I’m an anxious person. Name a situation, and I’m anxious about it. I have to meet a friend of a friend—I’m anxious. My boss asks for my opinion in a meeting—I’m anxious. Something causes me to deviate from my routine slightly—I’m anxious.
Needless to say, I often feel the need to de-stress, and I’ve gotten remarkably good at it. I have a mental bag chock full of different relaxation techniques I can pull out for various situations. However, the office presents a particular problem. How do you de-stress in such a high stress environment?
After trying numerous tactics, I’ve found three that actually seem to do the trick.
When You Have a Minute to Yourself
One of the easiest ways to de-stress is to get moving. Take a couple quick laps around your building, jog up and down the stairs a few times, do some jumping jacks in the parking lot—whatever you can do to get your blood pumping will help. Exercise and other physical activity produce endorphins and just five minutes of aerobic exercise can stimulate anti-anxiety effects.
Also, since recent studies have shown just how bad sitting all day is for us, getting up and around can actually kill two birds with one stone.
When You Really Can’t Stop Working
Unfortunately, you can’t always walk away from your desk any time you feel like it. There are projects to finish, deadlines to meet, clients to appease—sometimes you’re just (figuratively, I hope) chained to your desk. Irony being what it is, these are always the moments when you’re at peak stress. When faced with this dilemma, the most prudent way to squash anxiety is to break out your headphones.
The right kind of music can have an amazing effect on our physiological functions. Our pulse and heart rate slows, blood pressure drops, and stress hormone levels decrease. So what should you queue up when you’re stressed? Try one of the following types of music:
- Slow, quiet classical
- Native American
- Indian stringed-instruments
- Light jazz
- White noise
When You’re Completely Overwhelmed
You know that moment when you’re so overwhelmed that you either want to scream at the top of your lungs or just completely shut down? Yeah, this technique is for that moment. It’s called Sama Vritti or “equal breaths” and it’s a great way to center yourself and calm down.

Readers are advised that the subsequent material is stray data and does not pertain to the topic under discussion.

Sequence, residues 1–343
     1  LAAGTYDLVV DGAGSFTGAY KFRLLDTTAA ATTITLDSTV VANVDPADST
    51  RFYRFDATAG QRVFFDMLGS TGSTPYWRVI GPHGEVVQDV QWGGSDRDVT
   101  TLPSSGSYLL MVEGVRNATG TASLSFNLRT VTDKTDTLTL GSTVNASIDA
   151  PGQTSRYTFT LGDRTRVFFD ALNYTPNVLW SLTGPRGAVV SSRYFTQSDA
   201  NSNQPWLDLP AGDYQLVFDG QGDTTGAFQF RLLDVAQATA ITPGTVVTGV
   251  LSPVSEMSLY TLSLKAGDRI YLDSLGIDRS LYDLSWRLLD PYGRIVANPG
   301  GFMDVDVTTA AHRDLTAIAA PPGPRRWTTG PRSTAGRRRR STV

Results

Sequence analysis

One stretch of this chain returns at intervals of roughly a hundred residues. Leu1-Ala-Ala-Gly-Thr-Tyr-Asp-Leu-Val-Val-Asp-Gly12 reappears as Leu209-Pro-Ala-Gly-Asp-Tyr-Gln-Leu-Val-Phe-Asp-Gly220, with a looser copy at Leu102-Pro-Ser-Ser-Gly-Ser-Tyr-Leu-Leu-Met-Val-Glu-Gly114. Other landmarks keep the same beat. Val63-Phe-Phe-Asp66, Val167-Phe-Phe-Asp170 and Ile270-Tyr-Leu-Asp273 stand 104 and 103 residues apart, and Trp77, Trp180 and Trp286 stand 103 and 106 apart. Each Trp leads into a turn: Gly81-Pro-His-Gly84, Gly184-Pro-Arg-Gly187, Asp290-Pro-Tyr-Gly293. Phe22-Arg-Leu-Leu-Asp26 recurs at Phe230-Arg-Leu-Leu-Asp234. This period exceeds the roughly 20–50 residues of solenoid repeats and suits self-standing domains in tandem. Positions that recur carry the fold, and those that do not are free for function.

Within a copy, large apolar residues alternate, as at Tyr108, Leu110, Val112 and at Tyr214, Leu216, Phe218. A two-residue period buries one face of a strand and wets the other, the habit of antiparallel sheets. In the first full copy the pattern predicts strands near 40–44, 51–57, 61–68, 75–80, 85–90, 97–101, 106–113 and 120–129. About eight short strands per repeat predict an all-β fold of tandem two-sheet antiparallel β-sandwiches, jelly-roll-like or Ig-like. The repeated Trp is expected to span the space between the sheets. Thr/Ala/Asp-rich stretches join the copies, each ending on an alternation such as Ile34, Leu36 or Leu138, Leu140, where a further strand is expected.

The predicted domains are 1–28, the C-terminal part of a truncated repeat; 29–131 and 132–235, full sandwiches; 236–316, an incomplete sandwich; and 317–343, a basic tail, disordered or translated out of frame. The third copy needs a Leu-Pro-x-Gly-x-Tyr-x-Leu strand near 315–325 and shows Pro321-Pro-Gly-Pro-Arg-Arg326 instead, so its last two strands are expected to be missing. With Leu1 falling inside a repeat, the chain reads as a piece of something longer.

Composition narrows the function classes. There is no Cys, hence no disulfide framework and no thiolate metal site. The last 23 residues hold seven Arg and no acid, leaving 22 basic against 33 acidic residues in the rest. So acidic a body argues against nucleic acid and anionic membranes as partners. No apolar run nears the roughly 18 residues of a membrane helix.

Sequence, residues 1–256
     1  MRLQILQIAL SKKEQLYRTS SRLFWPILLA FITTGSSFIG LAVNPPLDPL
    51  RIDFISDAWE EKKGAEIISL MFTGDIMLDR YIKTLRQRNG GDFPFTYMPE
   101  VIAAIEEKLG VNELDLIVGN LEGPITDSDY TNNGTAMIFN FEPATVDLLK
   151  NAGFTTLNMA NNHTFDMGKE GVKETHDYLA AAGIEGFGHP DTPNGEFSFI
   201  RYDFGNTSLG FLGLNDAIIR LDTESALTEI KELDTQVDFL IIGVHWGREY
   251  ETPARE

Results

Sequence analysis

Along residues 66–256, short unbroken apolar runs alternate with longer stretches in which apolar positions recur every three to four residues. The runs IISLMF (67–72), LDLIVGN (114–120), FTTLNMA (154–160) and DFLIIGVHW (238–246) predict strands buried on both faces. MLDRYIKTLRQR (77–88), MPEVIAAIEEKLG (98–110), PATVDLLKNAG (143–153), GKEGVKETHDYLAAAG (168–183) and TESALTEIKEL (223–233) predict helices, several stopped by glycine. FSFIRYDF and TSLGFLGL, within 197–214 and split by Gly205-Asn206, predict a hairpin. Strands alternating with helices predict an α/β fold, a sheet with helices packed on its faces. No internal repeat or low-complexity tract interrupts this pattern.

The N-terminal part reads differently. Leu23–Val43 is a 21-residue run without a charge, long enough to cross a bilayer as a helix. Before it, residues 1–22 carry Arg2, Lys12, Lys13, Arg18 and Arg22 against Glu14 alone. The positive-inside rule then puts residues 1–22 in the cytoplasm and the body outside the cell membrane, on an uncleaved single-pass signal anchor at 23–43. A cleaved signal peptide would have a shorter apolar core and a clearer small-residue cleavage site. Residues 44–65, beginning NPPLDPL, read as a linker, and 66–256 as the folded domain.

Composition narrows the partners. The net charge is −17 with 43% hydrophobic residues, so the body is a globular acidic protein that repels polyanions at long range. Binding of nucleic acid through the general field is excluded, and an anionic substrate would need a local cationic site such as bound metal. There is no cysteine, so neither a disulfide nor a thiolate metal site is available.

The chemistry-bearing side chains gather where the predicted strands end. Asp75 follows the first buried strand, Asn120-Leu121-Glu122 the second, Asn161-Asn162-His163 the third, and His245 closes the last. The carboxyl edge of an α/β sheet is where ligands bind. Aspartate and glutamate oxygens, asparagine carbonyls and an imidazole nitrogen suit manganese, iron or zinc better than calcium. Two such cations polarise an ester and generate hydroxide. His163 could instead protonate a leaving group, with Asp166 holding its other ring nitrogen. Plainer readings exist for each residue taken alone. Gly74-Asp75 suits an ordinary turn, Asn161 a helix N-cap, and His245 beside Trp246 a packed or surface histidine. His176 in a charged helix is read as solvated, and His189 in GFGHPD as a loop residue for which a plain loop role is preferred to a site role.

Related Article: Are You Feeling a Little Stressed?
Begin by inhaling through the nose for a count of four. Then, exhale for a count of four through the nose. Keep this up for at least five minutes—more if you need it.
Deep breathing—like the kind you do when you practice Sama Vritti—increases the supply of oxygen to your brain and stimulates the parasympathetic nervous system, promoting a state of calm.
When You’re Not at Work
While these three tactics are great for de-stressing in the workplace, one of the most important things you can do for your health—and your productivity at work—is to make sure you’re relieving stress outside of the office as well.
Start by drawing a clear line between work and home. This is important for a number of reasons, but when it comes to stress, this article puts it in the plainest terms:
“If you work at work, and work at home, you may find yourself feeling like you have no personal time, which will increase your stress load and decrease your job satisfaction.”
Stop checking your work email at home. Stop the excuses of “just this one client.” Stop practicing your speech for the board. Just stop.
Take time to relax with your friends and loved ones. Do something that makes you happy. Paint a modern masterpiece, read a gothic horror novel, compete in a triathlon, learn a lost language, eat an entire cake in one sitting, go to a childrens’ museum and touch all the cool stuff—whatever puts you in your happy place, do it.
And remember, when things get tough, just breathe.
Author: Liz Greene hails from the beautiful city of trees, Boise, Idaho. She’s a lover of all things geek and is happiest when cuddling with her dogs and catching up on the latest Marvel movies. You can follow her on Twitter @LizVGreene or delve deeper into her internal musings at InstantLo.